Flash storage probably holds the most promise of all the new technologies to hit the data center in decades. In the same way that virtualization transformed the data center landscape, it looks as if increasing amounts of flash storage will be installed in every data center over the next decade – its performance, small footprint, power and reliability are such obvious benefits that they cannot be ignored.
The three most talked about trends of the moment are flash storage, software-defined anything and open source architecture. Together, however, they could provide a new way of building data centers.
Micron is at the center of this – it produces NAND flash chips, which can be written and read in small blocks (or pages). The company packages these chips into solid-state disks (SSDs) and PCIe flash cards to be added to servers and storage units in data centers, as well as in laptops and other systems.
The semiconductor market is bitterly competitive, and when we visited Micron in Silicon Valley it had just reported a three percent drop in revenue year on year in its quarterly results. The company says the dip is due to falling PC demand, and will be made good by its data center activities, as well as ambitious plans to expand into mobile.
Micron is incorporating improved chip manufacturing technology, moving from planar multi-level cell (MLC) flash to 3D triple-level cell (TLC) flash, with quad-level cell (QLC) on its way. The chips are currently made with 16nm technology, and Micron wouldn’t say when this is likely to change, or to what process scale, but there is a prospect of faster, larger devices: Micron says 50TB SSDs could be on the way, and the next generation should allow for high-capacity in-memory applications.
Micron has set up a storage business unit (SBU), led by Darren Thomas, to go beyond selling chips and standard SSD/PCIe components: “We are not concentrating on the vendors – we are aiming at the big finance houses and super-users,” says Thomas.
3D NAND for high density
He explained that 3D NAND enables the highest-density flash devices ever developed and that they are more efficient, engineered to achieve better cost efficiencies than 2D NAND. Micron believes the new architecture offers better performance and endurance, beating the characteristics of spinning disks.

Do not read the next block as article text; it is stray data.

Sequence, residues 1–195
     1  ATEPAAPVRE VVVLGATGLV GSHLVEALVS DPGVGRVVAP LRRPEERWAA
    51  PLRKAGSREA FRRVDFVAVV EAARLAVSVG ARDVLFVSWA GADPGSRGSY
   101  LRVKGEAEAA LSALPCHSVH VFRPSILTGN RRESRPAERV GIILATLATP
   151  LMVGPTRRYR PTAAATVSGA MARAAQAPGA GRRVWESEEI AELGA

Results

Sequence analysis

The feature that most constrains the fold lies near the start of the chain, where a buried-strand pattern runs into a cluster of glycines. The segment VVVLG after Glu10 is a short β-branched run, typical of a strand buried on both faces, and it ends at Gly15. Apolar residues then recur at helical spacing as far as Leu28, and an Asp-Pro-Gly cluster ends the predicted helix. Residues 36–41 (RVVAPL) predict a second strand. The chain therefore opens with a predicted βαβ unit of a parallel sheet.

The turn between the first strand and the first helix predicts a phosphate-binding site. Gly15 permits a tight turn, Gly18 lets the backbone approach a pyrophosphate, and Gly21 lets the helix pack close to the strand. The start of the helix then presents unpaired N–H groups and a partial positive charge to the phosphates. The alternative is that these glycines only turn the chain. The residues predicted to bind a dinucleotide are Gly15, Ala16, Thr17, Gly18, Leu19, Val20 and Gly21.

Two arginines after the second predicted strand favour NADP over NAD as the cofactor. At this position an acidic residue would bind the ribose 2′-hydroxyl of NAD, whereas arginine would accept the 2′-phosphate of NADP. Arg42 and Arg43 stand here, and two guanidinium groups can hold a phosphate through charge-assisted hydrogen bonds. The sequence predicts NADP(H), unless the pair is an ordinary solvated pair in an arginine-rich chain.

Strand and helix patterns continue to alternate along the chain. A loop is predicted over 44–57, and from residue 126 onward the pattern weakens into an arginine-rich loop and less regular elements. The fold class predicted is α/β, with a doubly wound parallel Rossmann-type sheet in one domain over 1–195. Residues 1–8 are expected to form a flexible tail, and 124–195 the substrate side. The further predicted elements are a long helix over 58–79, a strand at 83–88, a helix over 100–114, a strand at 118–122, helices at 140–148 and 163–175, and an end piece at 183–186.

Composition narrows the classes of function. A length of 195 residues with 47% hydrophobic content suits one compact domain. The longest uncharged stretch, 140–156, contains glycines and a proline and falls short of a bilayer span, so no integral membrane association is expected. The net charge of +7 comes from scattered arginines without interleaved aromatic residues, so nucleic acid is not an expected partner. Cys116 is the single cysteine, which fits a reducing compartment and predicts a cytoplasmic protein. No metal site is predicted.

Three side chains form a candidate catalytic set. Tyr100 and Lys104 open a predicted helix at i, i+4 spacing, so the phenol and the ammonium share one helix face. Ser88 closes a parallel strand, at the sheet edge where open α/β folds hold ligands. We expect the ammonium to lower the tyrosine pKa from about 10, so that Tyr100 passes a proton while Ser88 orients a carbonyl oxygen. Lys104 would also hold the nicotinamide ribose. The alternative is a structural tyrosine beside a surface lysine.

Storage specifically designed for the data center is in development.
Flash is only four percent of the storage market at the moment. It’s generally felt that price holds it back, but Micron’s vice president of storage marketing, Eric Endebrock, says it’s more about the software layer. Micron is working with Oracle, VMWare and others to incorporate flash, says Endebrock.
The company says it has developments in the pipeline for the next 12 to 14 months that will change the way the industry views flash storage. It talks of the “servification of storage,” and contends that the move to scale-out architectures is forcing cloud operators to use flash.
Flash is only four percent of the storage market at the moment. It’s generally felt that price holds it back
Some markets are moving faster, says Rob Peglar, vice president of advanced storage at Micron’s storage business unit: “The vertical markets we are most interested in are commercial laboratories and high-performance computing, electronic design and automation, financial services, especially high-frequency trading and hedge fund management companies, the life sciences, media and entertainment, oil and gas, and video surveillance.
And Micron most definitely wants to be out of the ghetto of storage subsystems, says Thomas: “We’re taking a very hard look at taking Micron into the systems level. Watch this space.”
High tech playground
During our visit, Micron showed us its ‘petting zoo’. It’s basically a tech playground, where developers play with new-generation products. In the zoo, we saw the ‘superbox,’ a high-performance, high-density iSCSI proof-of-concept demo server. A 1U rack-mounted box, it features an x86 CPU with 64GB of RAM, running Linux, and 12 x 8TB SSDs. The 96TB server delivers two million IOPS with over 15Gbps of bandwidth. Micron wants to deliver 3D TLC NAND in fast modules, with lower-cost 3D QLC for the flash vaults. Micron calls them ‘tubs,’ while others call them ‘data lakes’ – such is the mangling of the English language by the eternal IT marketing machines. But whether they are tubs or lakes, the data pools that Micron wants to help us store and use are big enough to drown in.
Micron has a big jump to move from the small animals of its ‘petting zoo’ to the big beasts in the data center. But if it works, the future may be very flash indeed.